Evan's Crime, starring Douglas Smith and David Arquette, is a crime drama centered around a boy named Evan (Smith) who gets into a heap of trouble after he is busted for possession of marijuana and accused of far worse. Arquette, who plays a corrupt district attorney, is hell-bent on locking Evan away despite his obvious innocence.
There are a few aspects of Evan's Crime that felt a bit disjointed, such as the jump forward in time. With the Evan being so young, skipping the story forward a full seven years made it harder to accept the situation, because people change so much in seven years especially from such a young age. However, the plot of the film is certainly heavy enough to justify unchanging motives from most of the main characters despite a seven year leap.
What I can say, as an audience member close to Evan's age, is that the film scared me. As I was watching, I felt myself wondering how I would handle the same situation, one in which my life is ruined and I am powerless to stop it. Not many films can inflict fear without being considered a horror, so in that way Evan's Crime is exceptional.
By far the crowning jewel of this film is the performances by the three lead actors: Douglas Smith, David Arquette and Annika Noelle. While bits and pieces of the exposition felt a bit loose, this flaw is more than compensated for by well fleshed out characters. Evan's character goes through a very emotion driven and very real arc, as he struggles with forces outside of his control and ultimately must make a decision regarding whether or not to exact revenge on Arquette's character for putting him away. Additionally, Arquette does a phenomenal job of conveying how misguided his character truly is, using Evan's life as a pawn in his own sick bid for power. The character believes that he is just despite his obvious flaws, and Arquette brings that egotistical absurdity to life fluently. Annika, who play's Evan's girlfriend, brings a layer of sympathy and catharsis to the film otherwise lost.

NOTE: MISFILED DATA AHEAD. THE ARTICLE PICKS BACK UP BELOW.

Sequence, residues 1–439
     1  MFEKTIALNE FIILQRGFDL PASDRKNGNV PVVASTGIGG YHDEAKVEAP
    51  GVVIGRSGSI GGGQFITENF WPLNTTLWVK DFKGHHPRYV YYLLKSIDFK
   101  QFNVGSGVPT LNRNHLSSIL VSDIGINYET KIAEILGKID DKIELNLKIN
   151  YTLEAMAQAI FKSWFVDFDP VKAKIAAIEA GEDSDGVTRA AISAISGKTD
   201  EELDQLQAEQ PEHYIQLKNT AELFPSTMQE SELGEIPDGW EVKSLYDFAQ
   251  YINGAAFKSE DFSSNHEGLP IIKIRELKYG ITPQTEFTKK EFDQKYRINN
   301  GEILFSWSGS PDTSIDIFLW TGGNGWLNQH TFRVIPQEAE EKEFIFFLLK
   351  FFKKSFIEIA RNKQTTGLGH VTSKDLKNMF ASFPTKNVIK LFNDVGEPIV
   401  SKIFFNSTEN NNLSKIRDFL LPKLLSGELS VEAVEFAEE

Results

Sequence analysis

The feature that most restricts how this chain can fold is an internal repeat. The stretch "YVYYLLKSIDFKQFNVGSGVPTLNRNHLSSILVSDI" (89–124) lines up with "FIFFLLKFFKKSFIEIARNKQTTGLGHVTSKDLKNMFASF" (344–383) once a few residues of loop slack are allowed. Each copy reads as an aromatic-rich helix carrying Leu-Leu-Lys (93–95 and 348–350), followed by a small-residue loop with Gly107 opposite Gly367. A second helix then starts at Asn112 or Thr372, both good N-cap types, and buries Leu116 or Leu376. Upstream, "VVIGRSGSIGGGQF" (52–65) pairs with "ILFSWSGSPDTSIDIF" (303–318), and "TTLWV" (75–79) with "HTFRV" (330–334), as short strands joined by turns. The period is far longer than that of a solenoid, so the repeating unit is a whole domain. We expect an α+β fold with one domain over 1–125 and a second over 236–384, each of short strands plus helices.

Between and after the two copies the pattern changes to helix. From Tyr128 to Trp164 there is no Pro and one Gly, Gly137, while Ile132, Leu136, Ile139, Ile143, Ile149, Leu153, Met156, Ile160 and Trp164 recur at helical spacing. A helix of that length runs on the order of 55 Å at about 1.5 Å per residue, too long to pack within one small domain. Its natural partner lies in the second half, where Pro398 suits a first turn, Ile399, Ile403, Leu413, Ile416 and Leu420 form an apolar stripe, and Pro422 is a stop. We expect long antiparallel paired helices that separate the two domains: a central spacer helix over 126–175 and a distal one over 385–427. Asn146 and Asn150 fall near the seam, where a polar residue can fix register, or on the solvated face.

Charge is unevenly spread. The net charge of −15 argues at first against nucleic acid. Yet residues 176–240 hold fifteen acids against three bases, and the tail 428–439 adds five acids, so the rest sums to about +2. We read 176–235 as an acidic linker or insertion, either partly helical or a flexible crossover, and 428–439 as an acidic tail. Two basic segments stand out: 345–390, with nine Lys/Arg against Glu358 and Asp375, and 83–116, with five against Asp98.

Overall, Evan's Crime, while not perfect, is a must see for young audiences and indie film lovers alike.